In ancient times, amphorae were the main containers used for the transportation and storage of goods. They were massively produced because of their low cost, and were usually destroyed once they reached their final destination because it was easier to make a new one than to clean and reuse an old one.

Between the 1st and the 3rd centuries, a spectacular number of amphorae were imported into Rome from around the Empire, broken, and dumped at a specific location in Rome near the Tiber River. Over time, they formed Monte Testaccio (“Broken Pot Hill”), an artificial mound of testae and crockery 45 meters (135 feet) high and covering a city block.


Originally these amphorae had been used to hold the olive oil imported from the provinces, mainly from Baetica (modern Andalucia in southern Spain). When discarded, the crockery was covered by a layer of lime, most likely intended to keep the oil from decomposing. This lime acted as a cohesive element and has assisted in the stabilization of the mound throughout the centuries.

Many of the amphorae still have the maker’s seal stamped on their handles, while others retain titles and notes written with a brush or quill listing the exporter’s name and indicating the contents, the customs information for export, and the consular date. All these notes make Testaccio the largest archive of Roman commerce in the world.

In addition, the epigraphy on the pottery provides first-hand documentation of the Roman Empire’s economy, the commercial relations between Rome and the provinces, as well as their eating habits.

This project is overseen by professors from Madrid’s Complutense University and the Center for the Study of the Provincial Interdependency in the Classical World (CEIPAC) at the University of Barcelona. Both project leaders are members of Spain's Royal Academy of History.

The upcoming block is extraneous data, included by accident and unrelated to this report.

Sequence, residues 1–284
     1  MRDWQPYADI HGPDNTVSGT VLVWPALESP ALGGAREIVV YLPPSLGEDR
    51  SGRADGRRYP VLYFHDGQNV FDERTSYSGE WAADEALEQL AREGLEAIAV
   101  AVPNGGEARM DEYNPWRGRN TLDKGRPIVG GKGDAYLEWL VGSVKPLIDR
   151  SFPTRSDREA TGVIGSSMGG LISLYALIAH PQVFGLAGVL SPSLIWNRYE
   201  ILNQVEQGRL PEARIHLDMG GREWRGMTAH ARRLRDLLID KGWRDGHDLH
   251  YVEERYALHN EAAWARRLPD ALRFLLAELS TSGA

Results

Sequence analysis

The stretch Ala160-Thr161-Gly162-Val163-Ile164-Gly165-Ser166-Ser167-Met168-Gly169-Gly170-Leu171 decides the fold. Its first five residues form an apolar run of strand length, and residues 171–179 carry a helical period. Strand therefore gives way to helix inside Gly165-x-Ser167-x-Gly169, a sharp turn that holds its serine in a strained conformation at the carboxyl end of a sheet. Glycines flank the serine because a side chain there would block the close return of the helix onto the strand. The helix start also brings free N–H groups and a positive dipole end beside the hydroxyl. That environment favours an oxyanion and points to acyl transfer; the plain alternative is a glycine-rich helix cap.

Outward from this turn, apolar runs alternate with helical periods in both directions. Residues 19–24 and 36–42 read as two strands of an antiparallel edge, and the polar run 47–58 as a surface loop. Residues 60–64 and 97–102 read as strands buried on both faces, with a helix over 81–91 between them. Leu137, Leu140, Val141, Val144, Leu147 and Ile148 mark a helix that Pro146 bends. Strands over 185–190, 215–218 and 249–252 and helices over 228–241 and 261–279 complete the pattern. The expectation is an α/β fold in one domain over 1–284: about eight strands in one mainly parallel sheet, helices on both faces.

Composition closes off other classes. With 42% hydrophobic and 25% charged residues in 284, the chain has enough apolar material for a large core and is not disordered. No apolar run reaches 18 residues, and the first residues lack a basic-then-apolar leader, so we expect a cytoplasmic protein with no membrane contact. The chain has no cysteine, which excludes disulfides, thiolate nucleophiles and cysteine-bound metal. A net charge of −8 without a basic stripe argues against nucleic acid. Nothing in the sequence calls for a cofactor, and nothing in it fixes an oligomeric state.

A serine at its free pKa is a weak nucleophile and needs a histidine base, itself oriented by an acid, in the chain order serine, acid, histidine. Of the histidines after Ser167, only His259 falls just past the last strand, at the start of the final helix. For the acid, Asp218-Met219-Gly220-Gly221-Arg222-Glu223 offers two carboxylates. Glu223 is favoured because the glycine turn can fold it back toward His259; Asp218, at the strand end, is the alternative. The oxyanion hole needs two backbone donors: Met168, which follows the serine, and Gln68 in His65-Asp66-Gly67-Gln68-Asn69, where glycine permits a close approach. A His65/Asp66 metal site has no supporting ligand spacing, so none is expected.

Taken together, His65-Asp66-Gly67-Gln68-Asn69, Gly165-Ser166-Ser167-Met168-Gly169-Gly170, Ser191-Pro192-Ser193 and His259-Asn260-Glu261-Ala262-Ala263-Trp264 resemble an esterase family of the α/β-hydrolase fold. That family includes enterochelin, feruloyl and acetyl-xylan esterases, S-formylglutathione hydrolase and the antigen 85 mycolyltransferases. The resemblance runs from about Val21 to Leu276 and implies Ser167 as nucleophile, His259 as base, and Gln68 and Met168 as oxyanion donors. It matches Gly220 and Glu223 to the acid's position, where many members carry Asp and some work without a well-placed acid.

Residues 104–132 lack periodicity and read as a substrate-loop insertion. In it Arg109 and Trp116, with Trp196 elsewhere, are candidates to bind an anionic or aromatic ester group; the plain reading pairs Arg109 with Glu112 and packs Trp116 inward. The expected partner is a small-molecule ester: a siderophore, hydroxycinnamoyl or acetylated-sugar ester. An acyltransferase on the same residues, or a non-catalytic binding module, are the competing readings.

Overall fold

The research dates to 1989, when the research team was asked to undertake a series of excavations at Monte Testaccio. This team had prior experience studying the region of Andalucia where the amphorae originated and in some areas of Germany where other Spanish products were received.

Working alongside this team will offer you a unique opportunity to take part in one of the most important research programs in Roman epigraphy and archaeometry.

You can see an online exhibit about Monte Testaccio at the CEIPAC website.


In 2012, Monte Testaccio and ArchaeoSpain celebrated 10 years of working together. Project director Dr. José Remesal reflects:

"First of all, everyone who has come to Testaccio has experienced the many different facets of the economic history of the Roman Empire and how, via small inscriptions on amphorae, we can understand innumerable things about life in imperial times. Using the archaeological data, we can paint a broad picture of the ancient world.

"And secondly, the program shows how a group of people from different backgrounds can create a camaraderie around a central interest, the exceptional site that is Testaccio.

"But for me what really matters is that the people who work with us develop a passion for the project and they return home happy to have participated."